Moving into the future, those Fortune 500 companies who employ people to protect their brand name and reputation (or hire firms designed to protect these companies on line like “Virtual bodyguards”) will do more to add return on investment to the bottom line. Their work will be much more potent than placing advertising on a bunch of random chat rooms filled with people pretending to be other people.

{mospagebreak title=CBE, the Corporate Patrolman}

Corporate Brand Emissaries (CBE’s) will need to develop skills in search engine optimization to move pages with bad press off of the search engine results, especially if the page lands within the top 30 results of any major keywords. THE CBE will need to develop public relations skills in order to diminish any damage done by bad press or publicity, create good publicity or spin to offset damage done. This will need to be a proactive position where people are sent to the advertisers’ sites to ensure compliance with their brand, trademark, and copyright policies.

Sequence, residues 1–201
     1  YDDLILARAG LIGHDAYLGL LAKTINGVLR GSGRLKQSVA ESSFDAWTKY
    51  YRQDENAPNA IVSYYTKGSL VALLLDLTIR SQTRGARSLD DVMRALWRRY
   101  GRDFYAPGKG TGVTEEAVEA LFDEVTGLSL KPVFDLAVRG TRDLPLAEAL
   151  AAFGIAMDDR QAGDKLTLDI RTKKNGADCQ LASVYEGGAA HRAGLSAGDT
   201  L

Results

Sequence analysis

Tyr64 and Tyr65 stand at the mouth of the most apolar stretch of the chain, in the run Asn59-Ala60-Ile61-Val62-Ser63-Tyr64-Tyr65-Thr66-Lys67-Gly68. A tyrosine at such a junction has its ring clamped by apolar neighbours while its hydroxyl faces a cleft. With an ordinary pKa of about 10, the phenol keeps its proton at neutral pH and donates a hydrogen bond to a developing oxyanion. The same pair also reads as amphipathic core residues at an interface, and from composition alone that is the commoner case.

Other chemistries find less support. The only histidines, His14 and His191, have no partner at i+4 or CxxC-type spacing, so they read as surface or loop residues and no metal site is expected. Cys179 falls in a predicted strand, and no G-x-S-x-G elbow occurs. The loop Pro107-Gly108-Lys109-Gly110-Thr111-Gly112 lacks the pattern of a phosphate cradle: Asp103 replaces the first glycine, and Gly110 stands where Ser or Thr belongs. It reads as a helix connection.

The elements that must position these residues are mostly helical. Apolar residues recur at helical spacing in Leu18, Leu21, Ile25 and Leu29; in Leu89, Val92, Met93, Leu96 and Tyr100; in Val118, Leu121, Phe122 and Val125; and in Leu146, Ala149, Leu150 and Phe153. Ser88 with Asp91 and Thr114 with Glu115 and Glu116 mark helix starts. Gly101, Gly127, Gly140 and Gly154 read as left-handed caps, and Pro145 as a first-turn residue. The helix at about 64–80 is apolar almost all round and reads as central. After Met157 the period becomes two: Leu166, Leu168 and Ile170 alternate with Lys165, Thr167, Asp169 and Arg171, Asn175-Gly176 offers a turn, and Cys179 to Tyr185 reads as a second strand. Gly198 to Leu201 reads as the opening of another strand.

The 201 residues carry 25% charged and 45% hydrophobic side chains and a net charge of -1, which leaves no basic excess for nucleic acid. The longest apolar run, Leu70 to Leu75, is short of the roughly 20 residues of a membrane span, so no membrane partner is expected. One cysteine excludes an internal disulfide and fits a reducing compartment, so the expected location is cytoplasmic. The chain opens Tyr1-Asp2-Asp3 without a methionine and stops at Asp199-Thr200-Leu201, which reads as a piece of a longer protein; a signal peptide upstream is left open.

The CBE will also need search engine marketing skills to find better advertising opportunities for their clients while proactively surfing the Internet to maintain damage control and positive interaction with the company’s various interpersonal contacts they have daily in the course of business,